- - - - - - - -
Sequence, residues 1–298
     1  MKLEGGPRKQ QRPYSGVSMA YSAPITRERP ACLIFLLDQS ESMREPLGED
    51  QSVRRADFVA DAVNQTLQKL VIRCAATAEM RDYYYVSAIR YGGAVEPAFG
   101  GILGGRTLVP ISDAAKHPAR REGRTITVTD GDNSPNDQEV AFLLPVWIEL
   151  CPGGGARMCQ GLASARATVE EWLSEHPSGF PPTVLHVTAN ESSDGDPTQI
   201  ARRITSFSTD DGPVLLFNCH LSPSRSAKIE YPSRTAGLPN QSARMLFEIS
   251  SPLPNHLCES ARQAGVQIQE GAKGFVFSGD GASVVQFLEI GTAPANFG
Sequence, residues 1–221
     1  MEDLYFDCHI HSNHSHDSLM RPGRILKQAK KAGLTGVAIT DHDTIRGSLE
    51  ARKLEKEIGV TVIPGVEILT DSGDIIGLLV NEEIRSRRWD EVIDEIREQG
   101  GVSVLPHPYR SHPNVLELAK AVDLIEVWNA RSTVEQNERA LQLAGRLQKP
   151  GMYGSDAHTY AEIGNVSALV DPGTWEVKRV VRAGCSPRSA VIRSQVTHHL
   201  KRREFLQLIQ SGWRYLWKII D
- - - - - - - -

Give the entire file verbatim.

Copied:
Sequence, residues 1–298
     1  MKLEGGPRKQ QRPYSGVSMA YSAPITRERP ACLIFLLDQS ESMREPLGED
    51  QSVRRADFVA DAVNQTLQKL VIRCAATAEM RDYYYVSAIR YGGAVEPAFG
   101  GILGGRTLVP ISDAAKHPAR REGRTITVTD GDNSPNDQEV AFLLPVWIEL
   151  CPGGGARMCQ GLASARATVE EWLSEHPSGF PPTVLHVTAN ESSDGDPTQI
   201  ARRITSFSTD DGPVLLFNCH LSPSRSAKIE YPSRTAGLPN QSARMLFEIS
   251  SPLPNHLCES ARQAGVQIQE GAKGFVFSGD GASVVQFLEI GTAPANFG
Sequence, residues 1–221
     1  MEDLYFDCHI HSNHSHDSLM RPGRILKQAK KAGLTGVAIT DHDTIRGSLE
    51  ARKLEKEIGV TVIPGVEILT DSGDIIGLLV NEEIRSRRWD EVIDEIREQG
   101  GVSVLPHPYR SHPNVLELAK AVDLIEVWNA RSTVEQNERA LQLAGRLQKP
   151  GMYGSDAHTY AEIGNVSALV DPGTWEVKRV VRAGCSPRSA VIRSQVTHHL
   201  KRREFLQLIQ SGWRYLWKII D